Over-fertilization of fruit-producing vegetables like tomatoes often keeps them from producing the flowers that become the fruit. Shreve said they need to be stressed a little bit because it gets them thinking about preservation of the species and producing seed, rather than just enjoying life and producing leaves.

“Just leaves” is OK if you are growing leafy vegetables like lettuce, kale, spinach and chard.

Trellis and cage

If you are growing vining vegetables, getting them off the ground means fruits stay cleaner and don’t rot, and they are easier to find and pick. Use old chain link gates, bed springs, or anything else—be creative.

Hog panels make sturdy tomato cages 5 feet high and 2.5 feet in diameter for larger, indeterminate varieties, with chicken wire over the top for hail protection. Otherwise, use jute twine to loosely tie the stem to a bamboo stake.

Add flowers

Adding annual flowers like alyssum, marigolds and sunflowers, or herbs including dill and oregano, attracts pollinators and beneficial insects to your garden.

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Raised beds for better gardening

2016-6 Barb Sahl and raised bed w pavers - Barb GOrges

Barb Sahl made raised beds from concrete pavers and two by fours that are sturdy enough to sit on, saving her knees. Photo taken May 7 by Barb Gorges.

Published in the Wyoming Tribune Eagle May 29, 2016, “Got rabbits? Try raised bed gardening.”

By Barb Gorges

Rabbits made her do it.

Barb Sahl, a Laramie County Master Gardener, told me she was a ground-level vegetable gardener for the first nine years at her place on Cheyenne’s south side, but she switched to raised beds to keep the rabbits out of her garden.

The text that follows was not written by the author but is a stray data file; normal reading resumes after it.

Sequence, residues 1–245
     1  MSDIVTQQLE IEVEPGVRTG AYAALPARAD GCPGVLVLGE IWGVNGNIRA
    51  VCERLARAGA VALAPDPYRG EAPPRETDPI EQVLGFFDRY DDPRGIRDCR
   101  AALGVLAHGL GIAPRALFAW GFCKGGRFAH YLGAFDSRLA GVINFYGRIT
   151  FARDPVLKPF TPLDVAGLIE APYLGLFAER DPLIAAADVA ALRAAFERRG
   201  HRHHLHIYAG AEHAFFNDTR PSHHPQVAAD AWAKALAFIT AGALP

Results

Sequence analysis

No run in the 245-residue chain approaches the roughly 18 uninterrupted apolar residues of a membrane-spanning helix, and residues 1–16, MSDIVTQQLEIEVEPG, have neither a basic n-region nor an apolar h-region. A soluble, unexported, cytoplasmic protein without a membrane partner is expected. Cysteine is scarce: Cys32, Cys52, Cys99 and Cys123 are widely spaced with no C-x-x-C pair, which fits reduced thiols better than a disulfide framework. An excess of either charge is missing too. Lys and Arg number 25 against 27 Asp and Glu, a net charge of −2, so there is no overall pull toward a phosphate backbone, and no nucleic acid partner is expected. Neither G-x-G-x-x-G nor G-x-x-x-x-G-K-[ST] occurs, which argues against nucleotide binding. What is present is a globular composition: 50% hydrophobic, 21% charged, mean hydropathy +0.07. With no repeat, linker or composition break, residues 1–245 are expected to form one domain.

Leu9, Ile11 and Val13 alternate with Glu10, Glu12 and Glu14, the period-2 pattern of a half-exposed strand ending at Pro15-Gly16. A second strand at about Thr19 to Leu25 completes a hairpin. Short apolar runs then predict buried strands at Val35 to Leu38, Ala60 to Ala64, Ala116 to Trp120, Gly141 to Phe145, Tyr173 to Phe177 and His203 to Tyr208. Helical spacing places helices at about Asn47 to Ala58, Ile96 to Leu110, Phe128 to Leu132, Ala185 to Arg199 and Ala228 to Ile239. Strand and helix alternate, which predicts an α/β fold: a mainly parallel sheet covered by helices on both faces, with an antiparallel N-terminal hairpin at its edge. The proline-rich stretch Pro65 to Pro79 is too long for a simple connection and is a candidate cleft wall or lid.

There were other considerations too. Raised beds would help keep her dogs from running through the radishes and it was a way to deal with a persistent weed problem.

Sahl was also thinking about her aging knees, knowing her days of kneeling would end in the future.

With that in mind, she installed eight beds using a system of landscape pavers, then added five stock tanks.

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Sahl’s dog patrols the vegetable garden in late August 2016.

Below you will find information about the history, types and benefits of raised beds in our area.

Genesis of the raised bed

The stereotypical vegetable garden has rows of vegetables. The bare ground between must be kept weeded.

An alternative is to grow vegetables like flowers, using wide beds, 2 to 4 feet wide (depending on how far you want to reach) and grow your plants more closely. This shades out the weeds and you never step into the wide beds, keeping the soil from getting compacted. The paths between beds can be mulched.

A wide bed can be planted at ground level, or with a bit of soil excavated from what will be the paths, made into a flat-topped mound. The soil in the mound will warm up earlier in spring, allowing earlier planting, though the plants themselves may still need protection from frost at night.

If the bed is amended with compost or with soil brought in, fertility and drainage can be improved.